Amidst the ongoing crisis in Israel, American citizens relying on their government for support and protection have been confronted with a contentious approach from the U.S. State Department’s Consular Affairs Crisis Management System (CACMS). The CACMS has requested American citizens to sign promissory notes as a prerequisite for evacuation assistance, prompting concerns about the financial implications of such support. This approach has raised questions and criticisms regarding the U.S. government’s response to the crisis, which has left many American citizens in Israel in a challenging situation.
The email reads as follows:
The situation in Israel is still unpredictable; mortar and rocket fire may take place without warning. Please continue to follow the instructions of security and emergency response officials. Commercial flights are available but limited. If you wish to leave Israel, we encourage you to take advantage of those options now. U.S. carriers have temporarily suspended flights to Israel, if you choose to depart, you will need to fly to an intermediate location and book onward travel from there to the United States.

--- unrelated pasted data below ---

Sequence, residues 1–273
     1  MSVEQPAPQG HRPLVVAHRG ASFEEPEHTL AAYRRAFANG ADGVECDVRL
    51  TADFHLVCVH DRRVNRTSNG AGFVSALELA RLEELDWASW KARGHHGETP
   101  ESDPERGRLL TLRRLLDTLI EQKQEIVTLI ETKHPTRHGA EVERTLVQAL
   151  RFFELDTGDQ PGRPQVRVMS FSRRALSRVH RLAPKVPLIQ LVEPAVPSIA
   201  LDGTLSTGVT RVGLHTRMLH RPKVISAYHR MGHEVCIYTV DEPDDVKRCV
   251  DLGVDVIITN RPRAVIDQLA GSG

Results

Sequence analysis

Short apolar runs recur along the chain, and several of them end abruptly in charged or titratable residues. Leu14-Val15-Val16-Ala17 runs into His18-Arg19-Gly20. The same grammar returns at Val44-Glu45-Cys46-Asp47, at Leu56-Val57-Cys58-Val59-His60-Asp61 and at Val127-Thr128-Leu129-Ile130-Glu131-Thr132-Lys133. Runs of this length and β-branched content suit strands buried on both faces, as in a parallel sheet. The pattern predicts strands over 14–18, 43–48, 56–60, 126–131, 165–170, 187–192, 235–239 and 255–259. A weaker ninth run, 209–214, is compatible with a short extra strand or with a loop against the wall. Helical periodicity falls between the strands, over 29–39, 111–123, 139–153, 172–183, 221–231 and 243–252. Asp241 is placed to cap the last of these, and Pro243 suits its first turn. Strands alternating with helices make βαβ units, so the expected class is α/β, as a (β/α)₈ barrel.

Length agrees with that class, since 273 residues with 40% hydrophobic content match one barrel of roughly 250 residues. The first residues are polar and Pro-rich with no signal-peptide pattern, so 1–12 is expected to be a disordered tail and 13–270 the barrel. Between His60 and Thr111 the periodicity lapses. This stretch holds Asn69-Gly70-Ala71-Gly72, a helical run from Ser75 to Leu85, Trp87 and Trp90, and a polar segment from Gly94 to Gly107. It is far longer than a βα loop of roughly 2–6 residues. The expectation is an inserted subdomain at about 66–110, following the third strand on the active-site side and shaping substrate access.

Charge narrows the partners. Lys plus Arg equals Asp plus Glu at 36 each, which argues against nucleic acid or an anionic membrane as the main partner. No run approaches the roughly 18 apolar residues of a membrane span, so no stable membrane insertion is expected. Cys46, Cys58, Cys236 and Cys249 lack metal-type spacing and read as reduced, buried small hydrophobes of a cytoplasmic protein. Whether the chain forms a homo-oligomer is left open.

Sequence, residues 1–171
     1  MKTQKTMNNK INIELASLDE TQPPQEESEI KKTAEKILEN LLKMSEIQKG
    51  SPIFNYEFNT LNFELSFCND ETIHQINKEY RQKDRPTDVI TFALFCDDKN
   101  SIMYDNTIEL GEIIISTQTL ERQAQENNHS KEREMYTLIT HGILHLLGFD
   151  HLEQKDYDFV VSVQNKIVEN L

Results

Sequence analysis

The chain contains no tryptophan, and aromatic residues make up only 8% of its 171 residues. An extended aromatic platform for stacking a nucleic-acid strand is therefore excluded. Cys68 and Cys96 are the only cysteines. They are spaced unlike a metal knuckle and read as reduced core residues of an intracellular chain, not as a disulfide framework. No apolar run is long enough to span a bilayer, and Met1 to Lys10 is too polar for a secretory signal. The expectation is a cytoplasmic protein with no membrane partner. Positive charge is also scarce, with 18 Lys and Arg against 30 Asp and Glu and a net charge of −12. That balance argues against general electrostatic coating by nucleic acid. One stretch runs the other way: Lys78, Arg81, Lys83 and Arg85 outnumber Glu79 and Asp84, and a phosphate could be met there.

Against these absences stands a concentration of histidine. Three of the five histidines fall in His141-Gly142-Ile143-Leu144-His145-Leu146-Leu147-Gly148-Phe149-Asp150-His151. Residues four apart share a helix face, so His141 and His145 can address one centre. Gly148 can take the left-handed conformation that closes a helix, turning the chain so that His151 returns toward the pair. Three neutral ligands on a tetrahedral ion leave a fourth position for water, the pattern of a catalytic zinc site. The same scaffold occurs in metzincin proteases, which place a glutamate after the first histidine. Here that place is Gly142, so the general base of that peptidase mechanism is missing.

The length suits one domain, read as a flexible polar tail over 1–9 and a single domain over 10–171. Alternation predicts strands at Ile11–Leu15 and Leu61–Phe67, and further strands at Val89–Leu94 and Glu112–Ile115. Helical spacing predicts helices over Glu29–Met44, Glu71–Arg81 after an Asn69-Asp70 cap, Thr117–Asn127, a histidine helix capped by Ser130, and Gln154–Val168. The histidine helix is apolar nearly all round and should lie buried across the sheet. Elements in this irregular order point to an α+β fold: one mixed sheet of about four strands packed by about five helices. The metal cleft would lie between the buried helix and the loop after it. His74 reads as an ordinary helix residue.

We understand there is high demand from U.S. citizens wishing to depart and the flight options are reduced. In the coming days we hope to assist U.S. citizens with transportation options to depart Israel. Due to the large numbers of U.S. citizens indicating interest in departure assistance, we will plan to offer transit over several days. If you choose to take this departure assistance, transportation may be by air or sea and will be to a nearby safe location and not to the United States. Travelers should be prepared to arrange their own lodging at the safe location and pay for their own onward travel from the third country to their chosen destination. Departure assistance is provided via a loan from the U.S. government which requires travelers to sign a promissory note (an agreement to repay) prior to departure.